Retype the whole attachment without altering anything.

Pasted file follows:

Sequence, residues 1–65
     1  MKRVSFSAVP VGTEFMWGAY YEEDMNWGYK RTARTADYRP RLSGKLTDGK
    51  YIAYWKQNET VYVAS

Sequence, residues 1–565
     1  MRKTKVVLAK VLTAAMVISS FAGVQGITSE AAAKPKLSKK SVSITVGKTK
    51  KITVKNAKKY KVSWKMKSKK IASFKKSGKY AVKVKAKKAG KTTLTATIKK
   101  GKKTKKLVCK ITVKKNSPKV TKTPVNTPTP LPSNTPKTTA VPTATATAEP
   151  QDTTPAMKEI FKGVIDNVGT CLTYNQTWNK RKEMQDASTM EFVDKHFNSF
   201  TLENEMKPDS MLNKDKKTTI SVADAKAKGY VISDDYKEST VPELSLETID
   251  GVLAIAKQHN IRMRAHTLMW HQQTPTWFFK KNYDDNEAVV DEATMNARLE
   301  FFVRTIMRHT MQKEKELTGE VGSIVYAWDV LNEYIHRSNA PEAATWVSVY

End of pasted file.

Sequence, residues 1–65
     1  MKRVSFSAVP VGTEFMWGAY YEEDMNWGYK RTARTADYRP RLSGKLTDGK
    51  YIAYWKQNET VYVAS

Sequence, residues 1–565
     1  MRKTKVVLAK VLTAAMVISS FAGVQGITSE AAAKPKLSKK SVSITVGKTK
    51  KITVKNAKKY KVSWKMKSKK IASFKKSGKY AVKVKAKKAG KTTLTATIKK
   101  GKKTKKLVCK ITVKKNSPKV TKTPVNTPTP LPSNTPKTTA VPTATATAEP
   151  QDTTPAMKEI FKGVIDNVGT CLTYNQTWNK RKEMQDASTM EFVDKHFNSF
   201  TLENEMKPDS MLNKDKKTTI SVADAKAKGY VISDDYKEST VPELSLETID
   251  GVLAIAKQHN IRMRAHTLMW HQQTPTWFFK KNYDDNEAVV DEATMNARLE
   301  FFVRTIMRHT MQKEKELTGE VGSIVYAWDV LNEYIHRSNA PEAATWVSVY